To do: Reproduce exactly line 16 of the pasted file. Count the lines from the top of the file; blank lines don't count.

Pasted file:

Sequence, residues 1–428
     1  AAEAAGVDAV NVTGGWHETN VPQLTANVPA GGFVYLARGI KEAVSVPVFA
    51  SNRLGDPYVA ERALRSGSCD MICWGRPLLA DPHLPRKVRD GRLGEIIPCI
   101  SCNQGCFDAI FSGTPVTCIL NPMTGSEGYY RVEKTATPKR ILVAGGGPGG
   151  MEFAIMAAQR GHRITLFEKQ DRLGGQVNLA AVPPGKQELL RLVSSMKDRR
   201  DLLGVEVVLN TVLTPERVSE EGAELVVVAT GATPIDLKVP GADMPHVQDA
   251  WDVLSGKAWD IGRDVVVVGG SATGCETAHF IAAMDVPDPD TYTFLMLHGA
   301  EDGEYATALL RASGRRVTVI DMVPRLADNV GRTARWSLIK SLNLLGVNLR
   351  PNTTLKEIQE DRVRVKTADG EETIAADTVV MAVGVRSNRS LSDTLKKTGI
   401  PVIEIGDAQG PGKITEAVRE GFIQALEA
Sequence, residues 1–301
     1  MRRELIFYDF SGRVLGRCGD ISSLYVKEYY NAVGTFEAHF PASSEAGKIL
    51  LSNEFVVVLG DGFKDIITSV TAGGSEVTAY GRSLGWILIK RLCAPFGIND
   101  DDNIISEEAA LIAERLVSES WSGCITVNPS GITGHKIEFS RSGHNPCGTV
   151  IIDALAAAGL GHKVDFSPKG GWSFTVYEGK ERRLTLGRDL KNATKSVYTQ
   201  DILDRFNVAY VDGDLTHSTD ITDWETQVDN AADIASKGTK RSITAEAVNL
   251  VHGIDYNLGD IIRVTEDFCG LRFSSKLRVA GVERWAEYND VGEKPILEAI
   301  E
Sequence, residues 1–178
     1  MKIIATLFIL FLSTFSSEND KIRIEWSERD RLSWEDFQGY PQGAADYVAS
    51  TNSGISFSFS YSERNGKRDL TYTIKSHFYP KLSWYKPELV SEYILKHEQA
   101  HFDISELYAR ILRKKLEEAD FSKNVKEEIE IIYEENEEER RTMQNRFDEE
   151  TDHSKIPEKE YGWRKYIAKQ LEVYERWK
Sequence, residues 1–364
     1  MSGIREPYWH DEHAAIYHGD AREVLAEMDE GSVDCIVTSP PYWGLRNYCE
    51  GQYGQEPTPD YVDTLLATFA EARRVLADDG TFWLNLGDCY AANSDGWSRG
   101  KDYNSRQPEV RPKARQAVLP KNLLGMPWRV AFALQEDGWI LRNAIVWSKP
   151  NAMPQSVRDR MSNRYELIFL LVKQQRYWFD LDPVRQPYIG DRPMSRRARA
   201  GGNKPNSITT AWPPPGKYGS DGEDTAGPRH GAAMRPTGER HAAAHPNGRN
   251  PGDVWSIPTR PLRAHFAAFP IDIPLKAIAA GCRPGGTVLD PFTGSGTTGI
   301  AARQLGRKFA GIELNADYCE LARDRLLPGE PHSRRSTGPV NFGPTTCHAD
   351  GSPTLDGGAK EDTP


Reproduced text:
   201  DILDRFNVAY VDGDLTHSTD ITDWETQVDN AADIASKGTK RSITAEAVNL